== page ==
Timothy Hay for Horses:

Timothy hay is an excellent source of fibre and roughage to include in your horse’s diet.

Scot’s Timothy hay is probably the most digestible of all hays and is one of the most popular hay feeds for horses. The hay is a late-maturing high fibre forage with a lower protein content.

Horses and ponies will eat between 2 & 3% of their body weight every day. High performance equines and breeding stock will need more, timothy hay may make up 70 to 90% of their diet depending on how much hard feeding is fed. 

What does it do for Horses?

Horse owners have found that Timothy hay helps with skin and coat condition, better digestion, bowel health, and weight maintenance. It is also very helpful for colic prone, protein-sensitive, and obese horses.

Stabled Horses – Health and comfort:

Chewing Timothy hay is very good for stabled horses because it most closely mimics the normal day long grazing activity for pasture animals. Timothy can help satisfy your horse’s natural need to forage and graze when they stabled. Alfalfa hay can meet energy requirements of horses, especially high-performance equines, but the low nutritional concentrations of Timothy hay are ideal for all equine workloads.

Timothy Hay for Racehorses:

For thoroughbreds, fibre is a great start for any feeding program. Fibre from Timothy will be fermented in the gut and used as an energy source throughout the day. It also promotes good digestion and prevents conditions like gastric ulcers and colic. Most racehorses require more energy than Timothy hay provides, so usually their diet is supplemented with a percentage of Alfalfa mix.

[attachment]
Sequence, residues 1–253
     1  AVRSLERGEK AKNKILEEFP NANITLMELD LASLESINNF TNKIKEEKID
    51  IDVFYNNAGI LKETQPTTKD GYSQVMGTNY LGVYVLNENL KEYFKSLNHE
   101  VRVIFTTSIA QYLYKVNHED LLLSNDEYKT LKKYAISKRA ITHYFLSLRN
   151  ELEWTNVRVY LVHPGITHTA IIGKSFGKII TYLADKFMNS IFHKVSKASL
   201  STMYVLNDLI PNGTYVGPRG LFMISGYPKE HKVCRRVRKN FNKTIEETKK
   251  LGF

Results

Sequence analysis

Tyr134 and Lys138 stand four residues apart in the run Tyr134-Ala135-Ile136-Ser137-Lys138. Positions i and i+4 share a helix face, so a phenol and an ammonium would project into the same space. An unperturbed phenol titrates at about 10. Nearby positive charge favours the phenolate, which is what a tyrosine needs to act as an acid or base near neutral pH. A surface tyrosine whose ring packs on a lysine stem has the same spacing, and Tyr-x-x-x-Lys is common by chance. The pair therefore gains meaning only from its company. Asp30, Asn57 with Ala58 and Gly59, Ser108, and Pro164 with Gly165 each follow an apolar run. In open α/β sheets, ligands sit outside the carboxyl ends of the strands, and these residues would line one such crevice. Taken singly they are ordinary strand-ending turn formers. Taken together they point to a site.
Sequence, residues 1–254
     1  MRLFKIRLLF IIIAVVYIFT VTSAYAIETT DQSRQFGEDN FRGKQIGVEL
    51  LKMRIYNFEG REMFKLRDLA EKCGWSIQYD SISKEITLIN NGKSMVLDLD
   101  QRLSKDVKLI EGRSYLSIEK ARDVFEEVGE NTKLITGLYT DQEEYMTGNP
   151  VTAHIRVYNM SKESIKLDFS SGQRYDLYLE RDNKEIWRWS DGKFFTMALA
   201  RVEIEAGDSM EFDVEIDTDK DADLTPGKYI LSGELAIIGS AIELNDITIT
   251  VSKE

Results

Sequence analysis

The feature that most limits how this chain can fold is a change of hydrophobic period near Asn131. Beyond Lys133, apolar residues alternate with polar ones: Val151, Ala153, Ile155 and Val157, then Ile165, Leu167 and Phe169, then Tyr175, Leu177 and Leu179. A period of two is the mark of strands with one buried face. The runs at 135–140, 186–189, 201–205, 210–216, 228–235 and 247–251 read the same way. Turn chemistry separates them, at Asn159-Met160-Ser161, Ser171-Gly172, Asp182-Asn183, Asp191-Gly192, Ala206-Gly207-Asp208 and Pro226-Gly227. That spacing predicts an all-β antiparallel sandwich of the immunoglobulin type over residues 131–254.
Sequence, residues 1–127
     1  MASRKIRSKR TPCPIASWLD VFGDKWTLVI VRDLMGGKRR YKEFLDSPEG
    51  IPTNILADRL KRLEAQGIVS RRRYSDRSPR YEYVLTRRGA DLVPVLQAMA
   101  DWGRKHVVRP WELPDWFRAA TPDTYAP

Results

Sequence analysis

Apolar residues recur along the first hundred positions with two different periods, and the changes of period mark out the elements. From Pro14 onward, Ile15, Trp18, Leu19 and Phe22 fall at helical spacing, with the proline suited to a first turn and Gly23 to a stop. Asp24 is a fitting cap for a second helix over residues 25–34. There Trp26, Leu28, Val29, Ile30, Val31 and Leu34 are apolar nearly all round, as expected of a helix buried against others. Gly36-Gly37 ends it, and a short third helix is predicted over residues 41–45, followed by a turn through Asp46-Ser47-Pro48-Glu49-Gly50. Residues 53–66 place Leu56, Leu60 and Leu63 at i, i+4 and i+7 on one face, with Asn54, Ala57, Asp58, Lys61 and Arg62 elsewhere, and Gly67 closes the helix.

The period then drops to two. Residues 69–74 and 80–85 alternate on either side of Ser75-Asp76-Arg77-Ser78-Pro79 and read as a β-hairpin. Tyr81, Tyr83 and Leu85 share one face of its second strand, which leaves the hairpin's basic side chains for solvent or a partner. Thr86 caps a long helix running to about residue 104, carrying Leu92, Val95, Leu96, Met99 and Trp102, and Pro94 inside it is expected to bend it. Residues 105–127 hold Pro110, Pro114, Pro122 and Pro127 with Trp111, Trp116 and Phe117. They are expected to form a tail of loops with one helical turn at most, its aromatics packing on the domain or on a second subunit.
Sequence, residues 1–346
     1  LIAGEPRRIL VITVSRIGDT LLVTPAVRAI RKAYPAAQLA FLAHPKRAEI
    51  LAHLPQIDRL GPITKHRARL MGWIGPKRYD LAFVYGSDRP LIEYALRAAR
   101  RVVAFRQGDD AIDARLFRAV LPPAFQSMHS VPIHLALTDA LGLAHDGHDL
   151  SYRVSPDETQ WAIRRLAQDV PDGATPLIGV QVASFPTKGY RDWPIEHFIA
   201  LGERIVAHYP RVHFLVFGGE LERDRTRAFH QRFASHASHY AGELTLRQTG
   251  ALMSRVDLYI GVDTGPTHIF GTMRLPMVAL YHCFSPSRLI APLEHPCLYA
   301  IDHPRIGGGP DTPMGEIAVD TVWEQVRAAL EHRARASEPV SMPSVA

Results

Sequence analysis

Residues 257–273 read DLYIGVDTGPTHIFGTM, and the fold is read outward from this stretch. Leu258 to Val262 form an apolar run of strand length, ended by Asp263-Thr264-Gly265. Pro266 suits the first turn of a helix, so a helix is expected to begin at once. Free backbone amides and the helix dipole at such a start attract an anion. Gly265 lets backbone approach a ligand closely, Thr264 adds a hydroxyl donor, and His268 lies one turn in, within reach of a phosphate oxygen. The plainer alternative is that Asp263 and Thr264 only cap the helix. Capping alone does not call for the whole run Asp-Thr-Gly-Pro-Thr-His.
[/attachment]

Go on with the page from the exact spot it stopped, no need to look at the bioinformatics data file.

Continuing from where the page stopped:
Hay Quality:

While Timothy hay quality is influenced by many factors, including geography, plant variety, weather conditions during growth and harvest and day length, it is the stage of plant maturity that really dictates the nutritional quality of the hay. First or second cutting doesn’t truly provide much information about plant maturity or overall quality.

Timothy hay is worth more to the horse owner when it is harvested at an immature stage of growth. It will have higher levels of crude protein and lower amounts of both NDF and ADF. The nutritional quality of Timothy hay is not related to a particular cutting, but rather to the stage of maturity of the plant when it was cut. Absence of seed heads indicate that Timothy hay is immature, but analysis by a laboratory is the only way to know the actual nutritional quality of the hay.